Then the researchers created a computer simulation to predict such growth accurately
– an early step toward treatments to provide blood supply to tissues damaged by diabetes and heart attacks and to skin grafts and implanted ligaments and tendons.
“Better understanding of the processes that regulate the growth of blood vessels puts us in a position ultimately to develop new treatments for diseases related to blood vessel growth”
Like some previous studies, they showed that tiny blood vessels called capillaries grow, branch and interconnect best when the density of the surrounding tissue
– called the “extracellular matrix”
– is lower rather than higher.
But unlike earlier research, they used pieces of real blood vessels from rats rather than single cells, and went on to develop an accurate is simplified computer simulation of the process.
Earlier work also focused on how the extracellular matrix, made mostly of collagen, sends chemical signals to promote capillary growth. The Utah study focused more on how the collagen’s mechanical or physical properties
– specifically, the density or “stiffness” of the matrix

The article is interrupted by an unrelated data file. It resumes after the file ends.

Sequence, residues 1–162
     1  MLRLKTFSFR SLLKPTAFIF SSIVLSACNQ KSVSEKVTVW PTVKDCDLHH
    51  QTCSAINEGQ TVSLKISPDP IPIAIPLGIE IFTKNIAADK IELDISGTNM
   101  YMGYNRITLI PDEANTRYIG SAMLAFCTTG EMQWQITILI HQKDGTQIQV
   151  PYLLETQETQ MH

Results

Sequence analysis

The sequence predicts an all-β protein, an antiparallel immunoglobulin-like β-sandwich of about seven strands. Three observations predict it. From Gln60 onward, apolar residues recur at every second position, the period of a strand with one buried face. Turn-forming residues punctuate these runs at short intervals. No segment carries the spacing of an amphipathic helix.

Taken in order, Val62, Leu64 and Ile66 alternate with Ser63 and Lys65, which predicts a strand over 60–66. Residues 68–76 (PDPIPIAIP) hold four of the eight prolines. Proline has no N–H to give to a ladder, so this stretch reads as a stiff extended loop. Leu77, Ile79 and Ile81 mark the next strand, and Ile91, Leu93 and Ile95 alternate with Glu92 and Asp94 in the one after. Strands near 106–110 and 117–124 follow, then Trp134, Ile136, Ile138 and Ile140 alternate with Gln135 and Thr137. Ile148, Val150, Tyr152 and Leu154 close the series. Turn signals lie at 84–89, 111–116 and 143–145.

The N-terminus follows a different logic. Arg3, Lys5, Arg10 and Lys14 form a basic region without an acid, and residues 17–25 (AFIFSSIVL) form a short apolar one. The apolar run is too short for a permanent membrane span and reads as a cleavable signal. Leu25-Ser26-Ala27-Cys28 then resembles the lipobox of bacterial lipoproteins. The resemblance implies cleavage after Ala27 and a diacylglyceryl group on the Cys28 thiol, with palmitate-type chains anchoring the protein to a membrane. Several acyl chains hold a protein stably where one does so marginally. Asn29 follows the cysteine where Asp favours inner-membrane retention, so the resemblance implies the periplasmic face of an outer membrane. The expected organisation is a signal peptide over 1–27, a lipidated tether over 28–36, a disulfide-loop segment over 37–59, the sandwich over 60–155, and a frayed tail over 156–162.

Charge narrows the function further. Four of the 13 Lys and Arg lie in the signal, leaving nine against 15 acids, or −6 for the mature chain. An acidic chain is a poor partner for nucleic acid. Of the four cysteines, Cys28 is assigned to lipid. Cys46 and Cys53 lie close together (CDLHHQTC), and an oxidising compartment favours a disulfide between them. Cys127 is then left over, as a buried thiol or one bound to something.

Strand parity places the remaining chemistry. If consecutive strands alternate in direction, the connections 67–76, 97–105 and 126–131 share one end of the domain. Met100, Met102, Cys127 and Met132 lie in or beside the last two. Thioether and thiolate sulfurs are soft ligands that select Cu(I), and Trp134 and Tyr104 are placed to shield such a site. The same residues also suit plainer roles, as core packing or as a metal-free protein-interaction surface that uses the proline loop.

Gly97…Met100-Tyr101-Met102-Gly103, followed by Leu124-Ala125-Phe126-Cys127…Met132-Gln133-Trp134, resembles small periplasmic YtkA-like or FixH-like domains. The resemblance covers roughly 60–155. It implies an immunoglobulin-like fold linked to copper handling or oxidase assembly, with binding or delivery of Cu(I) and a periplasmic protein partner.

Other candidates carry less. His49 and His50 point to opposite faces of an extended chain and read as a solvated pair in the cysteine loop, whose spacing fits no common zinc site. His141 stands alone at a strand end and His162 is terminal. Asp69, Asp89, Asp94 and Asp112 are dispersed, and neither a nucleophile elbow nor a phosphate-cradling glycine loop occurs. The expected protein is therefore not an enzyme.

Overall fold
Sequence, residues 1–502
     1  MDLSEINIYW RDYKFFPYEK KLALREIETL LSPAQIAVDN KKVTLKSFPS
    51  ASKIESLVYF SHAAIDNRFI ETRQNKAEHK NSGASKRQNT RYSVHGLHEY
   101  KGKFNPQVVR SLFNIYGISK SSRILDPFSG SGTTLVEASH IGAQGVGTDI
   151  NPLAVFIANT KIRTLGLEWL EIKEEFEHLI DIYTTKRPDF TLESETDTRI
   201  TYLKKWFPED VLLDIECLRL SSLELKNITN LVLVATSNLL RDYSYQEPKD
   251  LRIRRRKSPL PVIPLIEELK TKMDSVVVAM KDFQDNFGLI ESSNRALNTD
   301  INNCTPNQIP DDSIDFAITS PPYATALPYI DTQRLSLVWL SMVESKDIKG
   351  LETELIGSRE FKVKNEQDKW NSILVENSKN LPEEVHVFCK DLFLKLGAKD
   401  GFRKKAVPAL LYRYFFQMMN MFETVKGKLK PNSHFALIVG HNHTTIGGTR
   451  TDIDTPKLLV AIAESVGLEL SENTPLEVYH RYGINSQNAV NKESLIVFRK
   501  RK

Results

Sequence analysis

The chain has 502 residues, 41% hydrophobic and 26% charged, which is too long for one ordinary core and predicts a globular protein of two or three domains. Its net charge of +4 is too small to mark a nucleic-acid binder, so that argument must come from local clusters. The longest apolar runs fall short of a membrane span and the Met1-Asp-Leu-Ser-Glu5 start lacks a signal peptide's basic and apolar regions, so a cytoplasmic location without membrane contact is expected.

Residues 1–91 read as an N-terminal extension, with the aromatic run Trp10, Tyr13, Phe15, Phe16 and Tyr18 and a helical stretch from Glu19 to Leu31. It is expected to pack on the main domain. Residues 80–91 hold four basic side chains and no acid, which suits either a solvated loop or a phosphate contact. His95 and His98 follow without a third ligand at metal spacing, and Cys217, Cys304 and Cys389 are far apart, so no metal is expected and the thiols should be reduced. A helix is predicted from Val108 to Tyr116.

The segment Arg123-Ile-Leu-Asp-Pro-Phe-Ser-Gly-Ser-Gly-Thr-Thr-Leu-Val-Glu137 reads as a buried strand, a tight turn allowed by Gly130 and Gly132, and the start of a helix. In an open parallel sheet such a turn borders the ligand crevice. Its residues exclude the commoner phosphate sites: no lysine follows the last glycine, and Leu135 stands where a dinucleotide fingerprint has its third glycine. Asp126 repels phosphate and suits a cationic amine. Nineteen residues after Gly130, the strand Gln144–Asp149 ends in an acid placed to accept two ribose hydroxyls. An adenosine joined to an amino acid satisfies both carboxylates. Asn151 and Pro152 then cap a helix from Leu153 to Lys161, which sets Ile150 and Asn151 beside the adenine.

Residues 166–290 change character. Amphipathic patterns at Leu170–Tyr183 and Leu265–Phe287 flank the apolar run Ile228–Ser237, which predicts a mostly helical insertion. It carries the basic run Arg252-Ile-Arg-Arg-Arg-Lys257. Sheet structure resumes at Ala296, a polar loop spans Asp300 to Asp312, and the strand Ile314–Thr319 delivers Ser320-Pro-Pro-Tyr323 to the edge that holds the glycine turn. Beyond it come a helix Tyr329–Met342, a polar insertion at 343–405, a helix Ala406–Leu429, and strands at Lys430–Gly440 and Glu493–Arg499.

– affect blood vessel growth. Both their lab experiments and computer simulations showed that the denser or stiffer this collagen matrix, the more difficult it is for blood vessels to form a network necessary to supply blood to living tissue. This directly impacts healing or accepting new tissue implanted into the body.
Upon injury or receiving a skin graft, the body triggers “angiogenesis”
– the body’s process of creating new blood vessels from existing ones.
When people engineer replacement tissues for use in the body
– artificial or natural ligaments and tendons, for example – one limitation is their ability to recruit a blood supply from the body to link the implant’s vessels with the body’s.